It is not a pipe dream. All around us, models of community based projects that make our lives better are popping up. Some, like community health centers, have been around for decades. Community development corporations are building affordable housing with non-toxic siding and photovoltaics on the roof. Ex-prisoners are joining together to find ways to become productive members of society. In the Regional Environmental Council of Central Massachusetts (REC), which I have led as Board President, we have created youth jobs that develop leaders, cooperative entrepreneurs, and organic farmers, giving them the skills to work in the greenest of green jobs. We coordinate a collaborative that has all but eliminated lead poisoning in Worcester.
The state should favor and foster community based projects like these, in directing funding in general and in the implementation of forward-looking legislation like the Green Communities Act. As a legislator, I will be a fierce advocate for the grassroots-up rather than the top down approach to solving our problems.
I am honored to have received endorsements from Mass Alliance, Mass Nurses Association, Mass Teacher’s Association, SEIU 1199, Clean Water Action, Neighbor to Neighbor, Sierra Club, National Association of Social Workers, Mass NOW, and Worcester’s Mayor Joe O’Brien.
A little about me and my background: I have been an activist for social justice since I was a teenager. My whole professional career has been in health care, first as a nurse’s aide, then a registered nurse, and now as a chiropractor and small business owner. My husband, David Coyne, and I have played many roles in the civic, religious, and political life of the City of Worcester and Massachusetts as a whole. We have lived in Worcester for 21 years, and every one of those years I have worked on one or more political campaigns for a progressive candidate. Candidates I am proud to have helped to elect include Congressman Jim McGovern, Governor Deval Patrick, Lieutenant Governor Tim Murray (ever since he first ran for City Council), Senator Harriette Chandler, former Senator Ed Augustus, President Barak Obama, and Worcester Mayor Joe O’Brien. Of course I have worked on a few losing campaigns along the way, but the track record of winners has shown me how progressives can win.
We had been in Worcester for barely a year when five Prop 2½ override initiatives were placed on the Worcester ballot. We joined a group of citizen activists who teamed up with a couple of nonprofit organizations to fight for the initiative for education funding. It was the largest 2½ override in the history of Massachusetts, and it passed, while the other four, that did not have grassroots organizations, went down to defeat.
In 2000, when the nurses at Worcester’s St. Vincent Hospital went on strike over the dangerous practice of mandatory overtime, I initiated and led a community network to support the ultimately victorious strike effort.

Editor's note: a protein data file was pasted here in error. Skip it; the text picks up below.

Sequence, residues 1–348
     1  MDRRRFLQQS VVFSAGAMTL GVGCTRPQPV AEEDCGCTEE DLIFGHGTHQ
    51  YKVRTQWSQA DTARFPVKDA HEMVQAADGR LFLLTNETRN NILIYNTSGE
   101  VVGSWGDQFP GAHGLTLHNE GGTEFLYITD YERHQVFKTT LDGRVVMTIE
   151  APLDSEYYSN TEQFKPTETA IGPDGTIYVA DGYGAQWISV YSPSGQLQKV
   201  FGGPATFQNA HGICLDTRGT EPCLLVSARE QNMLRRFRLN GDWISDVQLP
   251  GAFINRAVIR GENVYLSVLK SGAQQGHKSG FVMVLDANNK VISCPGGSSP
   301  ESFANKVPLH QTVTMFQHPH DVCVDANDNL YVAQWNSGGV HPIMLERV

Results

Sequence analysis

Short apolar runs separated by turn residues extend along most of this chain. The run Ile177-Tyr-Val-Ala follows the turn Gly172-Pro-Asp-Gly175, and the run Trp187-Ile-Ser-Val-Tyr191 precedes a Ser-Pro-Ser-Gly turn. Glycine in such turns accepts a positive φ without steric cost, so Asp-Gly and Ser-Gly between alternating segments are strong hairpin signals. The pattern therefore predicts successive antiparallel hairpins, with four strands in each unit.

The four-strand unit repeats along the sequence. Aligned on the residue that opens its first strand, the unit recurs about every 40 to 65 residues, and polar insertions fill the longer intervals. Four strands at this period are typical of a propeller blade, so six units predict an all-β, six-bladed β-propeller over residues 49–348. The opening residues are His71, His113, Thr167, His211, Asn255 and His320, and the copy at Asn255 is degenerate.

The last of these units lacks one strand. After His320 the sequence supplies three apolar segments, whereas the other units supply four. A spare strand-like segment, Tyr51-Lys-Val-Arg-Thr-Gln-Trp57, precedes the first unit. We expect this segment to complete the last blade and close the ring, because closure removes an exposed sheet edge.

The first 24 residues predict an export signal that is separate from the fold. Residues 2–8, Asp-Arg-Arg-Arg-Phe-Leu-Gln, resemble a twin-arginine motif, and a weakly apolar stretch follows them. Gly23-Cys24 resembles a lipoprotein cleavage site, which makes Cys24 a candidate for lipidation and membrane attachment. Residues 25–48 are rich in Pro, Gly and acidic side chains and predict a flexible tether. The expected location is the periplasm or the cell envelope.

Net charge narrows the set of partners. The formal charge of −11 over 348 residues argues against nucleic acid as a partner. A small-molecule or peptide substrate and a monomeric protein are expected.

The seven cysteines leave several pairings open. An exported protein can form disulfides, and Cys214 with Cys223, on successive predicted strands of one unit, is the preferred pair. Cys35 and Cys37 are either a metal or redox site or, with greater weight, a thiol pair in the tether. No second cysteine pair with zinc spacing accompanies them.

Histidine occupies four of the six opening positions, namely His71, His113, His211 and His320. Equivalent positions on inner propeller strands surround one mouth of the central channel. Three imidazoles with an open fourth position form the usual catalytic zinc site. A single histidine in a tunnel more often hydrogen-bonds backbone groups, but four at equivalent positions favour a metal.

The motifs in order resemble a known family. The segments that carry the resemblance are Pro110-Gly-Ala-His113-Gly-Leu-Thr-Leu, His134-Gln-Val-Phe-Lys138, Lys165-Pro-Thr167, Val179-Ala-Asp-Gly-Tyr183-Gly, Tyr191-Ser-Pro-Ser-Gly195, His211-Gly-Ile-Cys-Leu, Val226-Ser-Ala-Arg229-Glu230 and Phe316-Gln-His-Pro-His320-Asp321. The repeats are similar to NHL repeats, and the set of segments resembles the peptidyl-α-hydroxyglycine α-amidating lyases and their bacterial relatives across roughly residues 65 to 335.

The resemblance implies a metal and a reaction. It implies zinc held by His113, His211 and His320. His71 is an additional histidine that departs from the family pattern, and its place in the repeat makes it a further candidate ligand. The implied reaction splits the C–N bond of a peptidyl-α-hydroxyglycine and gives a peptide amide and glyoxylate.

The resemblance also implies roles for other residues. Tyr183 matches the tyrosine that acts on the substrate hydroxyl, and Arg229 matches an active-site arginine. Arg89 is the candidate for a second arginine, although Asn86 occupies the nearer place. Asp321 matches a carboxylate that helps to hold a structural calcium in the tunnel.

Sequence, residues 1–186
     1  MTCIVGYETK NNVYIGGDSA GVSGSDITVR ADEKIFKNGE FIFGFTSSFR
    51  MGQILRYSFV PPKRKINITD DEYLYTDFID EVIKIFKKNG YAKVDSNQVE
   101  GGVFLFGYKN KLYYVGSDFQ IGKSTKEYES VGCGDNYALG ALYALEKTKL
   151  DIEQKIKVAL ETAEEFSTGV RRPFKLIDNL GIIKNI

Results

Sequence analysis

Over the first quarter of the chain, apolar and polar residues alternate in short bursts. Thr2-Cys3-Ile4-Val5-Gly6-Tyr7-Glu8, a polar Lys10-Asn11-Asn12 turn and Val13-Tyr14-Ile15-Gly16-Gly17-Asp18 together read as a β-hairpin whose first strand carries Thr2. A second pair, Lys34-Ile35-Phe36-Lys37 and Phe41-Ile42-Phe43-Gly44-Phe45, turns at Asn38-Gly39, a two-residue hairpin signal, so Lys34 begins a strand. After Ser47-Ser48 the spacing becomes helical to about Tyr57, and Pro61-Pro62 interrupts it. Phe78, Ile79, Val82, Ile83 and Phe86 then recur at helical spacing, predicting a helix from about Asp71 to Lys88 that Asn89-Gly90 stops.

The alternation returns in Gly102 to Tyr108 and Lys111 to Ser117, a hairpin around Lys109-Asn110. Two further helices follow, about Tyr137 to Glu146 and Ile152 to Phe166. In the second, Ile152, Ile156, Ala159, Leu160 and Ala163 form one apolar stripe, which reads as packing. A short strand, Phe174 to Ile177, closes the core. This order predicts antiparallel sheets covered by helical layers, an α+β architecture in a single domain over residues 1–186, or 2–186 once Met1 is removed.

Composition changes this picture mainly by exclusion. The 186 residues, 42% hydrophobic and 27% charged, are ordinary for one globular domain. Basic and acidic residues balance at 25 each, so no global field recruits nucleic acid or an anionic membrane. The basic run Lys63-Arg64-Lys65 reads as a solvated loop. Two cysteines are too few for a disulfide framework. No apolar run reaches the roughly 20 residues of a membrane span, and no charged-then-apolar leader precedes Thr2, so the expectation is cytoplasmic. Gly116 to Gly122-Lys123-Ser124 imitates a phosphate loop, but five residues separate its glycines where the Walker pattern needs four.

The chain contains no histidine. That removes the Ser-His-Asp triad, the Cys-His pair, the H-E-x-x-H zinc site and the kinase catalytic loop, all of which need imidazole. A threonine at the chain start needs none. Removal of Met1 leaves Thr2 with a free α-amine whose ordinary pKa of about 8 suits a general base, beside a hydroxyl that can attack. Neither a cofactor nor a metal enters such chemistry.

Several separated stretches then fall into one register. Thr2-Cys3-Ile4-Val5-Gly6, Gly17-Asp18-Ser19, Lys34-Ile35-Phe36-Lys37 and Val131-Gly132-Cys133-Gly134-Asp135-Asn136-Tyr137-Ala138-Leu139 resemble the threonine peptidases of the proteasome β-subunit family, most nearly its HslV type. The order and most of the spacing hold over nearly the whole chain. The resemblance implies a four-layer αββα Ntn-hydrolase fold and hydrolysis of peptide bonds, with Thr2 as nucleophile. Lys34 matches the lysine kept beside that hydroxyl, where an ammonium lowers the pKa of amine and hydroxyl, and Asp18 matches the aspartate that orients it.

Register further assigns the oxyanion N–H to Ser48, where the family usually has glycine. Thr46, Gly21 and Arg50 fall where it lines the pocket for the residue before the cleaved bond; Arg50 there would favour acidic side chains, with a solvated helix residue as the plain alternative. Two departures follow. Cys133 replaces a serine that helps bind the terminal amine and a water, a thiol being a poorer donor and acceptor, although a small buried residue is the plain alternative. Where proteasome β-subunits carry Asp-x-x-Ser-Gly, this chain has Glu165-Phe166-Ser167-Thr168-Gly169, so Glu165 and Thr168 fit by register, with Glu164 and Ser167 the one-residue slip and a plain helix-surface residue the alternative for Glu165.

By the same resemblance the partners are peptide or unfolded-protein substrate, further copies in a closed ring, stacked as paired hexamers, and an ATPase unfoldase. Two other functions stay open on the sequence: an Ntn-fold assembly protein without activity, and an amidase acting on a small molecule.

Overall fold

I was one of the local advocates building support for marriage equality. We organized meetings with legislators, wrote letters to the editor, and spoke out in public forums. We gathered at City Hall on the day the ruling for marriage equality took effect, cheering on the couples who were getting licences and keeping protesters at bay.
My grassroots environmental justice activism, largely in leadership of REC, has included advocating for legislation to address climate change and for safe alternatives to toxic chemicals, which is a key priority not only to the environmental movement but also to the labor movement.
Last year I was honored by the Worcester Democratic City Committee as Woman of the Year. Their big mistake was giving me a chance to speak! I called on my fellow Democrats to stand up for ethical conduct and to promote open and accountable government.
In our campaign we’ve been out knocking on doors, meeting neighbors, and listening to their concerns. On doorsteps and in our neighborhoods, I have spoken with many voters about the issues that touch their lives and impact their hopes for the future. I cherish these conversations and have learned a lot from them. When I hear anger and cynicism about government (which happens frequently), I am careful to try to hear the genuine concern that runs under the negative reaction. I have found that my vision of community-based solutions and a culture of respect resonates with many people who may not share my political framework.
My values and community vision have shaped the way we conduct this race. I am thrilled that we’ve gotten the trust and support of so many volunteers and organizations to enable us to run the kind of grassroots campaign that can win, and can translate into an organization that truly represents the voices, values and ideas of the community. I truly believe that this open communication is a key to good governance and I look forward to bringing that energy and ethic to work with me every day at the State House.
I look forward to answering your questions, getting your ideas, and working together to serve Worcester and Paxton as a progressive Democratic State Representative.